With the gradual proliferation of streaming services and curated playlists, for a while it didn’t look likely that the “album” format would survive. Yet here we are, at a time where the biggest pop stars are releasing cohesive, fully developed ALBUMS, in capital letters. I will always have a soft spot for the album as a concept, whether contained on discs of vinyl or within links to Spotify pages. Smash hits lie alongside deep cuts to form one 30-70 minute statement reflecting the artist’s pain and joy, their view of the world, their quest to express the words in their head and the riffs in their gut. Here are my 25 favorite albums of 2016.
To kick off our year-end coverage, I present to you the 15 best live performance clips of the year. Below, you will find a collection of musicians displaying their craft on platforms ranging from emotional reunion concerts, to late night TV, to stripped-down NPR Music office recordings.
15. Kendrick Lamar: “Untitled 2” (Live on the Tonight Show)
It’s a testament to Kendrick Lamar’s unfiltered energy and passion that he can draw in the audience with very little additional fanfare. Just Kendrick, a mic, and a lot to say.
14. Lucy Dacus (La Blogotheque: A Take Away Show)
Lucy Dacus radiates warmth on a night in the streets (and subway stations) of Paris. Dacus pairs insightful lyrics with inviting arrangements in this stripped-down performance. One highlight occurs during her second song, “I Don’t Wanna Be Funny Anymore,” when a passerby whispers “Play a Janis Joplin song!”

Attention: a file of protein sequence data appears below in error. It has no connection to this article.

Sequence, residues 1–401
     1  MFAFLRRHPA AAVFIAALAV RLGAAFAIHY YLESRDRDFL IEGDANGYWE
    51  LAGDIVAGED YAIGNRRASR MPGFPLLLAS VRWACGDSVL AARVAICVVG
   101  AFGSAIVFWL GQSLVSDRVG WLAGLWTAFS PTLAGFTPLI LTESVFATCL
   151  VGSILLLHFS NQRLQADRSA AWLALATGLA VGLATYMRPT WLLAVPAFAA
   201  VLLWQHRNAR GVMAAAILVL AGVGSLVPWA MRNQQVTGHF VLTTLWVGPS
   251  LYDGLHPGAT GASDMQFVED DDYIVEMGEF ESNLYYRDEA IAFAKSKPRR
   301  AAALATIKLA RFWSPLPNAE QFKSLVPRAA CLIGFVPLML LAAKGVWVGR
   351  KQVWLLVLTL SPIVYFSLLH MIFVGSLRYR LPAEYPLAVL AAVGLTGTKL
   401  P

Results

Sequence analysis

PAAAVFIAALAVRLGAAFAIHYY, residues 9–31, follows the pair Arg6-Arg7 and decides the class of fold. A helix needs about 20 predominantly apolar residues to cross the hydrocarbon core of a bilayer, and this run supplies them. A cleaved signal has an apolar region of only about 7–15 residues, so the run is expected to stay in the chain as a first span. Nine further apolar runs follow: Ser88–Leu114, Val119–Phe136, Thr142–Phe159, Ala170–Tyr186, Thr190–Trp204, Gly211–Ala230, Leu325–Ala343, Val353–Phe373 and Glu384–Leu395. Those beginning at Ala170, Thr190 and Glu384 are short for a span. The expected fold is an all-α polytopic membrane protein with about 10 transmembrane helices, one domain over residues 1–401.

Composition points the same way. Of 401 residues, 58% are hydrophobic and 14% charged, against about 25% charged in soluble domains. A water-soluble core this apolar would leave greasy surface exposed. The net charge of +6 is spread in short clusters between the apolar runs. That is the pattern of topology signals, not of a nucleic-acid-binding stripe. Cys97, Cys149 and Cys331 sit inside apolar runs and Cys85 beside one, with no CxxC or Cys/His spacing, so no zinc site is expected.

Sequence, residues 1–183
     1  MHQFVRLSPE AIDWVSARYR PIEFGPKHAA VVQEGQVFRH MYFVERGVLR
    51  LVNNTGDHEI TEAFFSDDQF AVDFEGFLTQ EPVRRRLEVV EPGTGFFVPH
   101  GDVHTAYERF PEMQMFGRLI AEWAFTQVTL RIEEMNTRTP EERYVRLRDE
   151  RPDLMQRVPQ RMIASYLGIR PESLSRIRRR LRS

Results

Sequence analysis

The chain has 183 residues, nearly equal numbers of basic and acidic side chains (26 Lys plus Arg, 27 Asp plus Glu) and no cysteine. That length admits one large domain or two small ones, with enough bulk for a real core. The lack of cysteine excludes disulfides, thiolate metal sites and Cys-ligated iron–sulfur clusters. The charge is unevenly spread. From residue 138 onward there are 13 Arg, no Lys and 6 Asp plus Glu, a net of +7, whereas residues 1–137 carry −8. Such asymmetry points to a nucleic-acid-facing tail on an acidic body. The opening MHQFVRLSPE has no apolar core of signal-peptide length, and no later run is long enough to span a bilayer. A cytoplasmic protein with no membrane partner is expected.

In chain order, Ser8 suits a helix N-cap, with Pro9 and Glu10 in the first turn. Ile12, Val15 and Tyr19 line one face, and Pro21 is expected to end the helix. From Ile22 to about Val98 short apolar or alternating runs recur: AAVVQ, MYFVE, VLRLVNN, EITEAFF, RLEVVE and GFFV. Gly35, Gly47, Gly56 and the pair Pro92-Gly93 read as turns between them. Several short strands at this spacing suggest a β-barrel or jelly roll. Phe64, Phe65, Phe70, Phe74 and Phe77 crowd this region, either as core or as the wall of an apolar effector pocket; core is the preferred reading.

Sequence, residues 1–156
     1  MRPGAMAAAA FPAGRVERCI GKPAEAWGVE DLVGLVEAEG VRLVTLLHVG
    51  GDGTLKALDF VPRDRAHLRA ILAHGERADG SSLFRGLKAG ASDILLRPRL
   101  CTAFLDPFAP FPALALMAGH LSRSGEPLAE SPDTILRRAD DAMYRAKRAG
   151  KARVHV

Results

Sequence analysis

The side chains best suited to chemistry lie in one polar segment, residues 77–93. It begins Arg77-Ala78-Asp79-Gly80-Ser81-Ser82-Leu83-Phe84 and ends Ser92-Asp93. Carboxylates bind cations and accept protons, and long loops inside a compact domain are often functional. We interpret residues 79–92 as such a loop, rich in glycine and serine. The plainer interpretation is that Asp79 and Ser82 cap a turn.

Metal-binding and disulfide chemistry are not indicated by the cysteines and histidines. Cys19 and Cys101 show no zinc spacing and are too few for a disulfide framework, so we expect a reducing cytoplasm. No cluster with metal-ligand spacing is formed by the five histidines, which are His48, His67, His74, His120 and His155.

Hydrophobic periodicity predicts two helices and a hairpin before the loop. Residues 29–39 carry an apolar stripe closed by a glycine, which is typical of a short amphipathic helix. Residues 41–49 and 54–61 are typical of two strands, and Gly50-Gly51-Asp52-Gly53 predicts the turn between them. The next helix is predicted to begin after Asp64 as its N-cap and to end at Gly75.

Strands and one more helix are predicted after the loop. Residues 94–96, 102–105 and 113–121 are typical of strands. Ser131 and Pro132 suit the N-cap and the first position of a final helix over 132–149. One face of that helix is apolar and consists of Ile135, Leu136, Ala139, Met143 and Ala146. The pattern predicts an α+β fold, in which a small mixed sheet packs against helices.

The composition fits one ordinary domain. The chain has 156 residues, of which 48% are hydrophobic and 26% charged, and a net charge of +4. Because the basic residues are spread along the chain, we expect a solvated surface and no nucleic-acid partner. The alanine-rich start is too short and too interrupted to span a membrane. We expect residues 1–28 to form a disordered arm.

13. Steve Gunn: “Full Moon Tide” (NPR Music: Field Recordings)
Steve Gunn was made to play his songs surrounded by trees atop old, rusty train tracks. Gunn’s acoustic guitar work is extraordinary as he channels a little Bob Dylan, a little Grateful Dead, and a little Neil Young.
12. Britt Daniel: “I Me Mine” (Live at George Fest)
“George Fest,” a tribute concert to George Harrison held at the Fonda Theatre in Los Angeles, happened in 2014 but clips and a live album were released this year. Britt Daniel of Spoon plays a fervent rendition of “I Me Mine,” the last song the Beatles ever recorded in April of 1970.
11. Bruno Mars: “24K Magic” (Live on SNL)
No one has more fun than Bruno Mars. I enjoyed “24K Magic” when it came out, but I started really loving it after watching Bruno and his hype men dance through it on Saturday Night Live.
10. The Arcs (NPR Music: Tiny Desk Concert)
Dan Auerbach, known as the frontman for the Black Keys, released an underrated album last year with his side project, The Arcs. Early this year, The Arcs played at the NPR Music office for one of their famed “Tiny Desk” concerts, enlisting the help of a Mariachi band called Flor de Toloache. Auerbach’s bluesy voice really shines over the spare arrangements, but the women of Flor de Toloache steal the show, providing backing vocals along with violin, trumpet, and guitar.
9. LCD Soundsystem: “All My Friends” (Live at Webster Hall)